The Story of Michael McBain and the tragedy of Sexual Abuse in Hockey
If there is one thing any parent would turn homicidal about, it’s the abuse of their child. I know that I would. The thought of one of my friends’ children coming home with tales of abuse would send me right over the edge, and my normally mild mannered personality would turn into a mood that would be less Bruce Banner and more Incredible Hulk.
Unfortunately, one thing that keeps marring our beloved sport of hockey is sexual abuse. It continues to rear its ugly head and fill our homes, arenas, and sports news outlets with stories much less inspiring than all the good things that can come out of hockey at any level. Most recently, former NHL player and minor league hockey coach Michael McBain was sentenced this week for his sexual abuse of a 12 year old girl over a four year period. He will be registered as a sex offender and submit to lifetime supervision. His prison sentence is four to fifteen years.
Honestly, it should be more.
Let’s walk through the lasting effects of sexual abuse on a general level. For a period of my own life I was very close to a victim of sexual abuse, so I got to see the long term effects long after the abuse had ended. This person would wake up suddenly from nightmares and would go into waking trances. The person spent five years struggling with trust issues with opposite gender, and still struggles with it to this day, two decades later. The person in question struggles with completing things, and still is working on graduating college. The person has had problems with sabotaging themselves in the past. Add in issues of self-worth, mood swings, problems with substance abuse, and occasionally recalling previously repressed memories.
This person will battle their abuser for their entire life. For the victim, its a daily struggle and a life sentence, and Michael McBain can be back on the streets in as little as four years (and potentially less with good behaviour). Is this justice?
So, let’s put this into a hockey perspective. Graham James is a convicted sex offender, more than 350 times over. His victims include former NHLer Sheldon Kennedy and elite scoring mighty mite Theoren Fleury. Think of the will and mental toughness it takes to be a hockey player in the NHL. Now, add in the skill to perform at the very highest level in the NHL, such as Theo Fleury did. Now, think about the problems I described above.
That gave these two players, one of them a Stanley Cup winner, a tremendous wall to climb. Puts things into perspective doesn’t it?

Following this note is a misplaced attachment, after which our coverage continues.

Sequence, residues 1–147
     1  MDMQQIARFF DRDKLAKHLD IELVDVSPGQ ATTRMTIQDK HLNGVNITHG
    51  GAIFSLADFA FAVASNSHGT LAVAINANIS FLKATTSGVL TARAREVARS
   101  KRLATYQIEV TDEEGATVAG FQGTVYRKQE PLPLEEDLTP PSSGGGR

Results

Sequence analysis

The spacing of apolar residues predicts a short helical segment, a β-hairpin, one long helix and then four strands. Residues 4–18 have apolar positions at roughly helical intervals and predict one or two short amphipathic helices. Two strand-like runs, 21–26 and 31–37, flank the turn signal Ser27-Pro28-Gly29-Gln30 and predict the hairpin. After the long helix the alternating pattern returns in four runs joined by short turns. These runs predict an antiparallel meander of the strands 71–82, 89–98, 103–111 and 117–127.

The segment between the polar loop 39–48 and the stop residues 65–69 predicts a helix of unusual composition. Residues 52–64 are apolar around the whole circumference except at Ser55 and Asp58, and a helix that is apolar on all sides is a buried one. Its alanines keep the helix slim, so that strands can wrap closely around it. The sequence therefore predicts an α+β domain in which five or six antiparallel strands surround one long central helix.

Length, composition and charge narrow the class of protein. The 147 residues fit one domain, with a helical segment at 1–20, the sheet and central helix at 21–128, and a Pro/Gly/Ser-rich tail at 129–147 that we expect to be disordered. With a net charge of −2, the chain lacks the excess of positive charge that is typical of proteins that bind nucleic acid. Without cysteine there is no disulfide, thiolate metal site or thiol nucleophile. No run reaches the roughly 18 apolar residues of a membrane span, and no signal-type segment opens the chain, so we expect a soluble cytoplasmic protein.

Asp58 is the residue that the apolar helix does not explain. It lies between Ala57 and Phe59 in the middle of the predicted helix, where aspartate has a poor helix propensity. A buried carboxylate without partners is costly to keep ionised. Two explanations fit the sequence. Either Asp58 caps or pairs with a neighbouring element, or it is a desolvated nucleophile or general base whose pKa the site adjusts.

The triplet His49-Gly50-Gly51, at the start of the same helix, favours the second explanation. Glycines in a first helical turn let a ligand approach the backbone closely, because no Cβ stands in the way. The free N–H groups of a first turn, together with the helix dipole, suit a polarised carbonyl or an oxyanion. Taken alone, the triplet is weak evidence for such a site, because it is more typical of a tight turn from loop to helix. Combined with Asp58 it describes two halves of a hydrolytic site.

So, to back track for a moment, neither the sentence McBain received, nor the various sentences James received, fit the crime. It is absolutely ridiculous to think that any sentence that includes a floor that includes a single digit number of years. And in the case of James, he has spent years jumping from jail to pardon to court to Guadalajara to an appeal that he could possibly win. I can’t even explain how awful the idea that Graham James, or any other sex offender for that matter wandering the streets, even with mandatory registration and lifetime supervision.
Hockey is not the only sport that has these monsters around. One of college football’s greatest characters, Joe Paterno, has had a massive legacy destroyed by one of his staff being found guilty of abusing young adults and children, a subject my colleague Lindsay Higgins has written about here. And James and McBain are not the only monsters in hockey, either, as Dino Ciccarelli, along with three other players on the Washington Capitals, fell under investigation for the sexual abuse of a 17 year old Georgetown girl in 1990. Now, those allegations were suspect, however, when someone mentions Dino, that’s the first thing I think of, not all the incredible goals he scored.
The fact is that the justice system in both Canada and the US need to take a look at the sentences they hand out for prolonged sexual abuse. The effects of abuse continue on long after these broken humans are back out in society. McBain will undoubtedly be released on early parole, and will be able to pick up the pieces of the life he damaged all on his own. Maybe he will be able to find work. But the fact is sex offenders have a tremendous rate of recidivism, with or without supervision and registration.
Maybe the legal systems in North America can take a page from Brendan Shanahan’s short reign as NHL discipline czar. Make the sentences extremely steep to discourage others from performing similar acts. Create preventative measures in prisons in attempt to rewire these souls that have caused so much pain for their victims, their families, and friends. But, the very first step, before anything else, is to take care of the victims. For them, it will be a life long struggle just to go through the day to day.
And that is the last word.